“I know what I’m good at and I know what I’m not interested in,” Wolf said. “And what I have no interest in is an integral part of what business is, so you have to partner with people if you want it to be something. Otherwise, you’re just an artist who could be struggling. Associations with other people allow for a creative channel to become something and allow for people to buy your thing.”

In the factory, those people are his wife and the businesses they partner with. In The Bike Shop, Wolf has a team of in-house staff as well as two partners who ensure that the roof stays over their heads, the bikes keep selling, and the customers are satisfied. And with his third company, Boo Bicycles, his team is international and includes his pro-racer business partner, a PR guy, and some recent investors.

The Beauty Of Bamboo Bicycles

Boo is a high end bike company unlike any you’ve seen before. While bamboo often has the reputation of being a cheap material, Wolf explained to me that there’s actually more than 2,000 types of bamboo in the world and that the one they grow is the strongest in existence. So strong, in fact, that tests have shown it to be stronger in weight than steel. Wolf started messing around with bamboo bike designs when he realized that his love of bikes could be combined with his love of bamboo, but it wasn’t until his business partner, pro-racer Nick Frey, won the 2009 Vuelta Miami on a Boo that he realized it was time to get serious.

“That was my first big kick in the ass to say: Focus,” he said. “Because I have a lot of things burning, so when Nick won first place in a pro US road race on one of my prototypes, I realized, ‘Wow, these are really good. Let’s take some of these pots off the burners and put a little focus on this dish.’”

Since then, Boo bicycles have become the steed of choice for multiple pro-race winners. Wolf credits the “highly vibration damping” nature of the material, which provides a higher level of comfort for those long, tough races. When he talks about Boo, it’s immediately evident that of the three businesses, this one is his baby.

Most Boo bikes are custom made for serious bikers, which means they come with a hefty price tag. However, once their brand started picking up steam, Wolf and his partners heard from more and more folks who loved the stability and high quality of a Boo, but just couldn’t shell out the big bucks. They listened to those voices and launched a sub-brand, Aloo Boo, via a successful Kickstarter campaign. Aloo Boo bikes have the same bamboo frames as Boo bikes but are produced in batches of small, medium, and large instead of being custom made. The ability to produce a few hundred at a time rather than making each individual bike to each individual rider’s specifications means that Aloo Boo comes in at a significantly lower price point than a custom Boo bike.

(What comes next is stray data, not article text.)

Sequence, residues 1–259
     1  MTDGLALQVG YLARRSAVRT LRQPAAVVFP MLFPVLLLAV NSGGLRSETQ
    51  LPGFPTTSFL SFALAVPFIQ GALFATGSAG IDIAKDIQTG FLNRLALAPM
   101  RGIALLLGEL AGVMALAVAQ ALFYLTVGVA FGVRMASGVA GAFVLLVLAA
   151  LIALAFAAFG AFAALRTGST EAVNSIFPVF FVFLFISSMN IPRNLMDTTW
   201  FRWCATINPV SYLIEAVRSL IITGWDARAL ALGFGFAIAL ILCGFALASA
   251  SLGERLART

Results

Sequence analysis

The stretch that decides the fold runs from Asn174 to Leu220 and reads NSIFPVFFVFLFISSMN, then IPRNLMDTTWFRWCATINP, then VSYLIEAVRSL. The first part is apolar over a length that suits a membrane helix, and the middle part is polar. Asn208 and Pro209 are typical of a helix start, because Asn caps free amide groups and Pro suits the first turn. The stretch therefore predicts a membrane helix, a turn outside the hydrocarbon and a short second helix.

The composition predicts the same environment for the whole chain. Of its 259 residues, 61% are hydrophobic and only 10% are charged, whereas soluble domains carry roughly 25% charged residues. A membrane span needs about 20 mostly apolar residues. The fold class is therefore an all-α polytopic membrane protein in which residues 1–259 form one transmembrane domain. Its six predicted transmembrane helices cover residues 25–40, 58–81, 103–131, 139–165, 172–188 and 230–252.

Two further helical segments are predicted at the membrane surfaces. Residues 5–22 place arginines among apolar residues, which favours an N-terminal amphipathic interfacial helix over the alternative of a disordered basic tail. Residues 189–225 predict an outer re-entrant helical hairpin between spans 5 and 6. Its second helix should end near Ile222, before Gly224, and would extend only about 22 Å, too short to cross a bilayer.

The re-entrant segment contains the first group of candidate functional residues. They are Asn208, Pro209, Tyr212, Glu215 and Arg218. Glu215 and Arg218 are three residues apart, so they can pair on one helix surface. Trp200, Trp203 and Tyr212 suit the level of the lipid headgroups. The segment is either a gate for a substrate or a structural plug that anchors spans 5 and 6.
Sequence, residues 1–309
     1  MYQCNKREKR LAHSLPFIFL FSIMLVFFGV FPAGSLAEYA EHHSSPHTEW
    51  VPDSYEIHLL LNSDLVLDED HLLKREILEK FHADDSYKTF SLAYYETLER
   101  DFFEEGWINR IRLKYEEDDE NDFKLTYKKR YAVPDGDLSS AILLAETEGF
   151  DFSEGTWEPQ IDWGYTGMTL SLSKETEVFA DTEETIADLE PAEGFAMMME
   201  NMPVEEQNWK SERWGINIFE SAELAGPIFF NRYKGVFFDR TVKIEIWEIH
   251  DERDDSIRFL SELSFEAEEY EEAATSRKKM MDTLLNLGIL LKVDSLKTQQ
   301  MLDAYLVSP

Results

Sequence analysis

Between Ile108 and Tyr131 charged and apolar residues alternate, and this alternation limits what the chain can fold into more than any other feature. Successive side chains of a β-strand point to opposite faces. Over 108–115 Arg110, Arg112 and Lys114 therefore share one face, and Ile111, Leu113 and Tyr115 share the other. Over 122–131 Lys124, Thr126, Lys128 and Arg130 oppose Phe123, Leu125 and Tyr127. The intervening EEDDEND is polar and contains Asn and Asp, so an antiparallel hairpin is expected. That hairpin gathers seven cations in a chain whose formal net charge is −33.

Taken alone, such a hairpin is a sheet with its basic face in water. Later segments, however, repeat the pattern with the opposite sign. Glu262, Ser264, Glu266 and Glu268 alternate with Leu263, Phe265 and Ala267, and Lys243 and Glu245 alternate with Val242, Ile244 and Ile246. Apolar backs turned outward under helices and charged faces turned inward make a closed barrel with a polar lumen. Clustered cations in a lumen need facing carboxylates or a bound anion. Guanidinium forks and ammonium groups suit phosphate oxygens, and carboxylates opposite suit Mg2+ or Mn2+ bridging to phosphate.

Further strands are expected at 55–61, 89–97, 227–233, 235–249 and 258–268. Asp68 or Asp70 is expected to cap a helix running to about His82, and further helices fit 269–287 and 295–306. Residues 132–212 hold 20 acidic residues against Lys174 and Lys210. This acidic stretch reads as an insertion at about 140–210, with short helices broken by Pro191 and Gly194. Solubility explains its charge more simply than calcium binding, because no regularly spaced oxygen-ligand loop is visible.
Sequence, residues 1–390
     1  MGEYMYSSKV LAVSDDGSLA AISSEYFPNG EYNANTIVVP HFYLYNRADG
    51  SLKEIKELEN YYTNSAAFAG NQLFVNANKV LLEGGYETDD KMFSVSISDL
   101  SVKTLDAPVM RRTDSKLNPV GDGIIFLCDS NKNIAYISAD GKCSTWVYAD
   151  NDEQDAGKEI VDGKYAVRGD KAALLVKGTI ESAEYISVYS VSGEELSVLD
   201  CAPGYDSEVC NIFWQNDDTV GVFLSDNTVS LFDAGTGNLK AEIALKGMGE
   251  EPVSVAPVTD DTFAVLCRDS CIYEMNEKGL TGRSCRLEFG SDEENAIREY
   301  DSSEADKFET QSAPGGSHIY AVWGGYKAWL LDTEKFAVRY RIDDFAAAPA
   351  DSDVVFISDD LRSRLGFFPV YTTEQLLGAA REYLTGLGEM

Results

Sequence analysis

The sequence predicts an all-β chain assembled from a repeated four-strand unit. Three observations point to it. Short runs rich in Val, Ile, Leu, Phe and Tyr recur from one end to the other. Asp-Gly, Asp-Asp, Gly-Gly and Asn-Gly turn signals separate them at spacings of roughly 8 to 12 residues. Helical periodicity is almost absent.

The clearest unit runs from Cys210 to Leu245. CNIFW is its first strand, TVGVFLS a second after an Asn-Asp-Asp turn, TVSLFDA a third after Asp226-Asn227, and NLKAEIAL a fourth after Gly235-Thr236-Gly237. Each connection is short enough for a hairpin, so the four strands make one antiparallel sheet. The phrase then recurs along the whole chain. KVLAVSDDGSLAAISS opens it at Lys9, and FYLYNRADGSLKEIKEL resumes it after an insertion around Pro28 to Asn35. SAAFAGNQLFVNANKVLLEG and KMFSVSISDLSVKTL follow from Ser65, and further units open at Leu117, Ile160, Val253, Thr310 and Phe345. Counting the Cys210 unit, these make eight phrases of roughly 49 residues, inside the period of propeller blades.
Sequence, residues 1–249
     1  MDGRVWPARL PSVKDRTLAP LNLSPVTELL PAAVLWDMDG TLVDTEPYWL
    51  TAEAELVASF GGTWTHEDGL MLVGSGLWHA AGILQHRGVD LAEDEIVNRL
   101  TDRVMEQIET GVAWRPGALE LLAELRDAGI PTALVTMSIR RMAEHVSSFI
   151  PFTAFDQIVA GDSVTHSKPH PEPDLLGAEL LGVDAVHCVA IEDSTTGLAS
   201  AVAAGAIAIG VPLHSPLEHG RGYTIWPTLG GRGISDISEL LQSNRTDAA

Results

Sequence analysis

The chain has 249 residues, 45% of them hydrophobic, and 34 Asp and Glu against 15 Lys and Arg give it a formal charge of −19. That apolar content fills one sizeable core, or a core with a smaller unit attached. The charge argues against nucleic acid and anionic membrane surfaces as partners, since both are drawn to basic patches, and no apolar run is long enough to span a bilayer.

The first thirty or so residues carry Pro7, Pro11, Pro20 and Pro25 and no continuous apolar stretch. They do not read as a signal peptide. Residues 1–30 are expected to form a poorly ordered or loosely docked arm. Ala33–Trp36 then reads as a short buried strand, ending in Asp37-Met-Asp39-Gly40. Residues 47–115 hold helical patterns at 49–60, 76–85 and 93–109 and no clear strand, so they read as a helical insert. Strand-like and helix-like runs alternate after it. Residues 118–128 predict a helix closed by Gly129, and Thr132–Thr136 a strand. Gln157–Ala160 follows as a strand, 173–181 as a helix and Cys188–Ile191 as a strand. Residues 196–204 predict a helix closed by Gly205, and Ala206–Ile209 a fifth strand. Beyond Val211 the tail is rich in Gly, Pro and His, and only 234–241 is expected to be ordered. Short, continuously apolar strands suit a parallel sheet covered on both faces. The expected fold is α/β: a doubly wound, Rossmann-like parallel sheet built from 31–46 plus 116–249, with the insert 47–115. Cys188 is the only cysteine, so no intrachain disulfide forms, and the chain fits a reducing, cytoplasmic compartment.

Wolf was worried at first that the non-custom bikes would lower the value of the Boo brand, but it seems to have had the opposite effect. In fact, Aloo Boo was so successful that Wolf and his team actually took on investors to help them expand — and this year they’re on track to be profitable.

So what’s the biggest problem for a successful entrepreneur running three businesses?

Running three businesses.

“I feel sometimes with my three business that none of the businesses or none of my partners get a fair share of me,” Wolf admitted. “In all of my businesses, my partners want me to contribute more. I feel that if I dropped one of them, I could give that much energy to the other two but there’s not clearly one of them that needs to be dropped more than the other two. They all have equal potential. They’re all startups; they’re all young.”

So Wolf is keeping all of those pots on all of the burners, for the time being at least. And if sometimes that means forgetting about an interview or trying to be in three places at once? Well, like I said: He’s got the charisma for it.


See part two of our James Wolf interview here.

About the Author

Emma McGowan

Emma McGowan

is a full time blogger and digital nomad has been writing about startups, living with startup people, and basically breathing startups for the past five years. Emma is a regular contributor to Bustle, Startups.co, KillerStartups, and MiKandi. Her byline can also be found on Mashable, The Daily Dot's The Kernel, Mic, The Bold Italic, as well as a number of startup blogs.

Follow her on Twitter @MissEmmaMcG.